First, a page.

It took me over a month to let this man even talk to me. When we did speak he was a close talker when he was drunk, a staunch republican (which I am not), he was religious (which I am not), BUT he was, in the beginning, not that bad. Okay so I could stand to be in the room with him. We hung out more and more over the next few months, we watched the Red Sox (he was a huge fan) win their first world series in 86 years together, we would have cook outs, he would play with my two young boys, he and I would sit outside smoking cigarettes and talk regularly, and most importantly I could see a love for my sister in law that I had not seen from past boyfriends (including my friend). It was this level of caring that I saw her really thrive in a way that I never thought she was capable of, I was in awe. He worked hard, no matter what he was doing he was passionate about it, he wanted to do the best he absolutely could at everything he tried to do. When I lost my job, he asked me to drive him around to some horseshoeing work he had around the area and he paid me, probably more than I needed to be, for the ride. He became my big brother, someone I looked up to more than anyone I had ever met.
It was one particular drive that really set in place the importance this man would have upon my life. You see growing up I always been told essentially what a piece of shit I was for being the typical teenager. I drank on occasion, I smoked pot regularly, I smoked cigarettes, but I was never reckless nor was I never unconcerned with my well being or those around me that I would hurt or put anyone in danger. Out of this came some of the most hurtful rumors about the type of person I was by people that shouldn’t be starting rumors about you. This led to a lot of shame about who I was when I was younger that was hard to get over. He knew this about me, he could see it. He had felt the same thing for years, which brought him to religion. We went out this afternoon, that he and her sister had stopped by unexpectedly to have a cook out with us, to go and get some meats and side dishes. He starts talking to me about his past, he tells me about the police chase through the woods and how so many times he should have been dead. He looks over at me and said, “If there is ever anything you want to ask about me or my past you can. I will answer any questions you have honestly.” He then proceeded to tell me how he wasn’t ashamed anymore of his past, he wasn’t afraid of anyone’s reactions to it. If it wasn’t for all of the past he had, he wouldn’t be at this point with her, with his life, and he wouldn’t be happier than he had ever been. I asked two questions of him after he allowed and he answered them with such thought and sincerity that when I started to tear up a bit while we drove he looked at me and said,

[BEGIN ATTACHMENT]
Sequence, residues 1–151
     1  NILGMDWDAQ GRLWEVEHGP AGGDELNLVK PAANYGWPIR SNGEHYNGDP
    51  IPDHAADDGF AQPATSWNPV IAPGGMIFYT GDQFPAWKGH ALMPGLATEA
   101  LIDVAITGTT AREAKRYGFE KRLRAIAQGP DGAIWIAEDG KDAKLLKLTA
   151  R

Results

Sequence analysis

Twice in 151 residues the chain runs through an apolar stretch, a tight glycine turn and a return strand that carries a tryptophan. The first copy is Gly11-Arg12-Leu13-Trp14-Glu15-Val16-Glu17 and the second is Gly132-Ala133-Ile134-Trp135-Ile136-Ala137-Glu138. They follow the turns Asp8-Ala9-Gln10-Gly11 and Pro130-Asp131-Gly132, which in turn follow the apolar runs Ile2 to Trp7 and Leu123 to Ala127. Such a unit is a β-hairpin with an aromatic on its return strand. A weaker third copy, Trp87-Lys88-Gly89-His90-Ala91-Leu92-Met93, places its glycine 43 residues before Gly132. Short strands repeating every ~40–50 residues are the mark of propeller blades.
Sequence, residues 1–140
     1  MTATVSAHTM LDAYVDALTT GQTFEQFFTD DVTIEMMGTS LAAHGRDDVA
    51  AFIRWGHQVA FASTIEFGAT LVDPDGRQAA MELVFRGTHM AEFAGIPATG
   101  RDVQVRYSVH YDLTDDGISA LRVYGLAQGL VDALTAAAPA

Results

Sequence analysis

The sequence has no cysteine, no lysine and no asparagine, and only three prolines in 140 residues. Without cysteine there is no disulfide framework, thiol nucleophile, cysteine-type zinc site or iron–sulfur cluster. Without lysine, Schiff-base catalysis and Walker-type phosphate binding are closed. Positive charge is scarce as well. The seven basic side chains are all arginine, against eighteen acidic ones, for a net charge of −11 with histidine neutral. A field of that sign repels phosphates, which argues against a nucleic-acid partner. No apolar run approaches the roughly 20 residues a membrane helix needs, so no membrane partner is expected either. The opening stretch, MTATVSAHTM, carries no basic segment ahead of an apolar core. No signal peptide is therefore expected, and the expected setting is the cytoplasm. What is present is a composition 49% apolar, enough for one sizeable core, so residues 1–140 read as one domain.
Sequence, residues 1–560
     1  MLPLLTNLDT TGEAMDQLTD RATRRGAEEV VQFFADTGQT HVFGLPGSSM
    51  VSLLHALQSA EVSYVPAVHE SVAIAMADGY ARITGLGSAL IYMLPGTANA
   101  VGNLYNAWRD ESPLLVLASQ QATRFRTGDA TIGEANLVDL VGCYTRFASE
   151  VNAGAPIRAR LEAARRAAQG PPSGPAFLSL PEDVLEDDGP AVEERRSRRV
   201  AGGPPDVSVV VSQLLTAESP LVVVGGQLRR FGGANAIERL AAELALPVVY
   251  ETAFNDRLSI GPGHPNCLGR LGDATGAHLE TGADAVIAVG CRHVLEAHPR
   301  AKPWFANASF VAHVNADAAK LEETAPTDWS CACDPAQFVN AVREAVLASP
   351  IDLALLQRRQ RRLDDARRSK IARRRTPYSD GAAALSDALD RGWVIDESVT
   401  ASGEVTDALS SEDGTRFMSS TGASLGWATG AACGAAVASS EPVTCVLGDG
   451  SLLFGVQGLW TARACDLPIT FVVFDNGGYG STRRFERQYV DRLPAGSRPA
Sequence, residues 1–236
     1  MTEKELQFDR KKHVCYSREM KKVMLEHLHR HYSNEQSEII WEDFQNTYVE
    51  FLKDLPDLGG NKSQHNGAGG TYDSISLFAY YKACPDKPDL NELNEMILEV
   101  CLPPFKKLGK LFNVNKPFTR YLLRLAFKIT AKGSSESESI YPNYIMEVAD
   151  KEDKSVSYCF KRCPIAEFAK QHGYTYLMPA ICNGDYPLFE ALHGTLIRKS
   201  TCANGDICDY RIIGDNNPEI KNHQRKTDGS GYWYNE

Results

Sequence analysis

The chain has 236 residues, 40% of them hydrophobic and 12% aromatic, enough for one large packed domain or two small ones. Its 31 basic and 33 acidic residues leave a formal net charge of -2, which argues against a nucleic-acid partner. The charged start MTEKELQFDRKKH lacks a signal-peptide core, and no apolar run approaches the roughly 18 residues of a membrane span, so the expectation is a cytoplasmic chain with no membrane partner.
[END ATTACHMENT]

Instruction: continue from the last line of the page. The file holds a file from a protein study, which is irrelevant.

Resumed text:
“Your past will never be worse than mine, what you have shared with me the things they say about you, it will never be like mine. You are what you are each day but each day going forward not backwards. Be who you are today let them stay in the past, it will only hurt them not you.”